Shakespeare Transposed: Richard III (1995)

June 16, 2015 | By

Richard_III_BRI’ve been a huge fan of Richard Loncraine and Ian McKellen’s version of Shakespeare’s Richard III, knowing the film I caught in cinemas in 1995 was really unique. The initial jarring reaction of hearing the Bard’s prose spoken in a fascist Orwellian England during the 1930s vanished when it became clear the look, sound, performances and locations within this amazing little film were so refreshing.

Richard_III_posterAs the poster demonstrates, McKellen wasn’t yet a major name in the U.S., so the addition of Annette Benning and Robert Downey Jr.’s heads on the poster was a ploy to get more bums into cinemas.

When Richard III’s actual bones were uncovered in a parking lot a few years ago, it provided historians another opportunity to re-examine the controversial figure whose been portrayed in filmed versions as a conniving crook. Was he so horribly evil, or just another jealous royal doing what anyone with smarts and a flair for spotting opportunity would do?

Shakespeare’s play and the film, while perhaps florid distortions of bad behaviour, nevertheless remind us of the bloody histories of kingdoms in which assassins, rebellions, and seething jealousies caused power shifts, upset the stability of nations and states, and are part of the deep roots of several modern monarchies.

Loncraine and McKellen’s film is also noteworthy for being perhaps the first attempt to directly transpose the original text to a more contemporary time setting in film, launching a wave of further efforts in dramas and comedies.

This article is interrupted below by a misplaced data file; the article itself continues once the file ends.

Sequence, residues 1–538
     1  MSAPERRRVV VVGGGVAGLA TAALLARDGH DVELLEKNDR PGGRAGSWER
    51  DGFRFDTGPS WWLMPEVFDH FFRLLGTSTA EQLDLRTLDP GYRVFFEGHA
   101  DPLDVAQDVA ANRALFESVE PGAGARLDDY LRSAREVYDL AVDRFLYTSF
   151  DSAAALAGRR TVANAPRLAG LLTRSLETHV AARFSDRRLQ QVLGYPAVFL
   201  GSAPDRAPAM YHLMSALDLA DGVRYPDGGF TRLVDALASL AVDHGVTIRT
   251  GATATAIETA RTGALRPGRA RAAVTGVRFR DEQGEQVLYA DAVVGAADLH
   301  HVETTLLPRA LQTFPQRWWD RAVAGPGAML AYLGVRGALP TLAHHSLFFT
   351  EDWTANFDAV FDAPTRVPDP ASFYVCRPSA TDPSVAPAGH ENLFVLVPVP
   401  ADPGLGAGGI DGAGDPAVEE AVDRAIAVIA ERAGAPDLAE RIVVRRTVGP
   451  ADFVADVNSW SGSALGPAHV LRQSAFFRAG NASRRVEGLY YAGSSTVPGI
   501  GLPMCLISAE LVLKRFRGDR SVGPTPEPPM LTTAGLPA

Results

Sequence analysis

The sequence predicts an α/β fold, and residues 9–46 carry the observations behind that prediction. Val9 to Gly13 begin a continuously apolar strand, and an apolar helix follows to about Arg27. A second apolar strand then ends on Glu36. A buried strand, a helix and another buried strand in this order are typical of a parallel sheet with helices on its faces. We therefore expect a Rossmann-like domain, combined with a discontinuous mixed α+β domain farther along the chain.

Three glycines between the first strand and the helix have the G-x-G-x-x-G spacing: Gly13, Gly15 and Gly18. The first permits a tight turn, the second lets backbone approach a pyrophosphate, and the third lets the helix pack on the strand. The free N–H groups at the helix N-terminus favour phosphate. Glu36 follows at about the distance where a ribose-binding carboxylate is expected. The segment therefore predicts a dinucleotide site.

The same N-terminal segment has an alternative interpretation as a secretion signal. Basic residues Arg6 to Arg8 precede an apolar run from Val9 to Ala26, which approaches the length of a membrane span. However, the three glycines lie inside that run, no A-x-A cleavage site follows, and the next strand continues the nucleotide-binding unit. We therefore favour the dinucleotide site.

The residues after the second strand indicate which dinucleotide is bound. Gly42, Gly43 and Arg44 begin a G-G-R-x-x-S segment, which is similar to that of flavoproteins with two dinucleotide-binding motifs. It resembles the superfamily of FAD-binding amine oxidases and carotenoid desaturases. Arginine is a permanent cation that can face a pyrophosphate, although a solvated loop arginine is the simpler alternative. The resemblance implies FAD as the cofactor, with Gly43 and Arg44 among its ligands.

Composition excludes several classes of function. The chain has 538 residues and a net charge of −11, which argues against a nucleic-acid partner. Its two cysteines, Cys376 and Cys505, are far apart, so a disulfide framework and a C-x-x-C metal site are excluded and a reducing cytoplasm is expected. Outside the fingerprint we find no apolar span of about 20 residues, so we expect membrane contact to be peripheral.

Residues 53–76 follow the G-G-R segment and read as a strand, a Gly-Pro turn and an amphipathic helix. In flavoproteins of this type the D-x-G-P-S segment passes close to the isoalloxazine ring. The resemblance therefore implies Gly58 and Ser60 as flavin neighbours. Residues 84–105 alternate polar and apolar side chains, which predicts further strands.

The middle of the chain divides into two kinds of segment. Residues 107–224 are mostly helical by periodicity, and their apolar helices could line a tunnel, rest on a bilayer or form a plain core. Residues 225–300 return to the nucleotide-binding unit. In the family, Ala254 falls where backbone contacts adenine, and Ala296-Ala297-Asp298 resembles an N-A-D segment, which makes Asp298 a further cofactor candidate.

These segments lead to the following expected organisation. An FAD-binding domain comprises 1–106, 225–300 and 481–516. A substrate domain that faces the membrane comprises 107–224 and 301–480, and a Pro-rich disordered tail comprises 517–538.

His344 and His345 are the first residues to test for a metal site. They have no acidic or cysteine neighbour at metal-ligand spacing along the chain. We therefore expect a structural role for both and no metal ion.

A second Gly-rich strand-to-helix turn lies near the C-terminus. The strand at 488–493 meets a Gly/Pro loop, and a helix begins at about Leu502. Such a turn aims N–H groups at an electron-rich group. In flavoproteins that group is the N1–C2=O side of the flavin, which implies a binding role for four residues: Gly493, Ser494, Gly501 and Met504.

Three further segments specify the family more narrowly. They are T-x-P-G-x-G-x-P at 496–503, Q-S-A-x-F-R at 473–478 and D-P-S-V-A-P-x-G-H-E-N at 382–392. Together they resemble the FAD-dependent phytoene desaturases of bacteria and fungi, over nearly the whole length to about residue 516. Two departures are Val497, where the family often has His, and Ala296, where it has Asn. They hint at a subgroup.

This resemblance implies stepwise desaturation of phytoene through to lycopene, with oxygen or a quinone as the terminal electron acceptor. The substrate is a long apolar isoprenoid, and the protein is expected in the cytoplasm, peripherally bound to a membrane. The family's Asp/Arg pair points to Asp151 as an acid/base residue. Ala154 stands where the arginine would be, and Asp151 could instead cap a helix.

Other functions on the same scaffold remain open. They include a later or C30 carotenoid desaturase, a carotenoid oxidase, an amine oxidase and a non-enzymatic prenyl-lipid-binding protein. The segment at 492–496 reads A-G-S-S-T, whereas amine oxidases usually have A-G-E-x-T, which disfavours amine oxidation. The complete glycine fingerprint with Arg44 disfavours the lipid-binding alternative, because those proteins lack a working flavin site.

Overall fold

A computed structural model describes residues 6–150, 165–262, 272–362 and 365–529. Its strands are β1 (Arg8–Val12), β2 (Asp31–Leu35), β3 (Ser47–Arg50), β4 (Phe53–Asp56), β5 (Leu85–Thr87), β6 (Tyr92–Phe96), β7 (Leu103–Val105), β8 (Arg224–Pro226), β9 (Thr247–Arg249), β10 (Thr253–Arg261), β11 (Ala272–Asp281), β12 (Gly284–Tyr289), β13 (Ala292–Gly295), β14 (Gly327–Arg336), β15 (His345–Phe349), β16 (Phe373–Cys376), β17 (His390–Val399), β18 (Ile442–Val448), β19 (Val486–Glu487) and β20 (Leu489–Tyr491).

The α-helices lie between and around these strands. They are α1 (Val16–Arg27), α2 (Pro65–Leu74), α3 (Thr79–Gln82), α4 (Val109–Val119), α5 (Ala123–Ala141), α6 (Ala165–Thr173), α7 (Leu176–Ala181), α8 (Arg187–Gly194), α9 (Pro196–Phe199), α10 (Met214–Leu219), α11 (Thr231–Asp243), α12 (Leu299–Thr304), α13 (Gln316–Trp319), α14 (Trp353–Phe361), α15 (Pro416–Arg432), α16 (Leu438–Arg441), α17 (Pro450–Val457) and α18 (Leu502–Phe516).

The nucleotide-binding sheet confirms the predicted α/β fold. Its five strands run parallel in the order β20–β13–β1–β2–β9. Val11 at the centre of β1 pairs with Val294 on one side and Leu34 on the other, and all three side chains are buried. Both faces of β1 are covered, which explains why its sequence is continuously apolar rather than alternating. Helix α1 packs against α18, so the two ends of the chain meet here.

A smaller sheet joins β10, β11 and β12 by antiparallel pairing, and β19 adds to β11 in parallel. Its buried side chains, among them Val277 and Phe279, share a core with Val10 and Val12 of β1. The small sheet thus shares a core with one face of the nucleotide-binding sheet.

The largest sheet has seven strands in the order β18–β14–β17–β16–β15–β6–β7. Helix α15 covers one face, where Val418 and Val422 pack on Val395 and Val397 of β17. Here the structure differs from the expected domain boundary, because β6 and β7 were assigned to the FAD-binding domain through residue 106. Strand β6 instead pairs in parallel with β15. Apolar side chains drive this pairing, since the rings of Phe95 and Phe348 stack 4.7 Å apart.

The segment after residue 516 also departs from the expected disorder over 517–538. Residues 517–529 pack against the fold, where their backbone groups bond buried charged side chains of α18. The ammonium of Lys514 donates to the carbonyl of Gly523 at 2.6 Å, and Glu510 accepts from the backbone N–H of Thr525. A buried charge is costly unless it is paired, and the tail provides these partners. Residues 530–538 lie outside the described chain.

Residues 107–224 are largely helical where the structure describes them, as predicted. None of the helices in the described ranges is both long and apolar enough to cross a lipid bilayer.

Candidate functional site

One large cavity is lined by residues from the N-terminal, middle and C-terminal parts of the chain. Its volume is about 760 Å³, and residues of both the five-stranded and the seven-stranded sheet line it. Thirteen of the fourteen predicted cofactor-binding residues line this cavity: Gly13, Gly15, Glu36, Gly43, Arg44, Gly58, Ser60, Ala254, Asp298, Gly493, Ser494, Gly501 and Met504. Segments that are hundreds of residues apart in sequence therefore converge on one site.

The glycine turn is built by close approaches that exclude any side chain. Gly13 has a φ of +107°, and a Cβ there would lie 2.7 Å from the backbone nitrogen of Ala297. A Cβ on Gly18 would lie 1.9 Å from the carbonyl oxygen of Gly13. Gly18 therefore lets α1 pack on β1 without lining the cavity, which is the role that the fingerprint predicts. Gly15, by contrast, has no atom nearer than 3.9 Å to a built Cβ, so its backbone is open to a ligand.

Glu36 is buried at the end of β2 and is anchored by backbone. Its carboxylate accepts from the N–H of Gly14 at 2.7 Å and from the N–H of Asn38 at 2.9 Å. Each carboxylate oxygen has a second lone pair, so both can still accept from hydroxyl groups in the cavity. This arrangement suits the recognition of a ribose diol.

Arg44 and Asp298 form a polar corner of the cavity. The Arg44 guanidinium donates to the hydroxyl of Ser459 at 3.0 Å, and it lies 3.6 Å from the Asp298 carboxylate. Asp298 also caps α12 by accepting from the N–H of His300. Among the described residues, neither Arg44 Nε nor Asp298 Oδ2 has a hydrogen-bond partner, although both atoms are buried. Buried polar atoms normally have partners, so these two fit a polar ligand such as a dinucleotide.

Besides the direction and performances, a personal attraction is the splendid use of architecture which should interest fans of the Tate Modern, as one of two former coal-fired power plants are featured in the film. Architect Giles Gilbert Scott designed cathedrals, so it’s unsurprising his 1930s creations, especially the Battersea Power Station, resemble cathedrals.

The Battersea also has an oppressive design which fits in perfectly with Loncraine and McKellen’s fascist resetting; it is a structure that may have been conceived to force a higher regard within its environs for the magic of industrial power, but it’s equally fascistic, much like Soviet and Third Reich architecture designed to diminish the importance of the individual.

Scott’s designs have an industrial elegance – they lack the pompous, overbearing grotesquery of Third Reich edifices and monuments – but the Battersea is perhaps a victim of its intended purpose to feed consumers energy, and by virtue of its mandate, it had to be a giant brick, concrete, and steel bulk that dominates the immediate waterside.

Twilight Time’s Blu-ray sports a lovely transfer and sound mix, of which the latter is more evocative of the punch surround sound mixes of the era than the more discrete multi-track 5.1 mixes that followed. I always remember the film’s bass, which itself exploited Trevor Jones’ drone-drenched music of the late 1980s and early 1990s.

Coming next: a lengthy examination of Tippi Hedren’s Roar (1981), which continues its extended run at the Royal Cinema this month. Also coming shortly thereafter are reviews of Blind Woman’s Curse (1970) from Arrow Video, and a Pat Boone double-bill featuring April Love (1957) from Twilight Time + Bernadine (1957), the latter available nowhere except YouTube.



Mark R. Hasan, Editor

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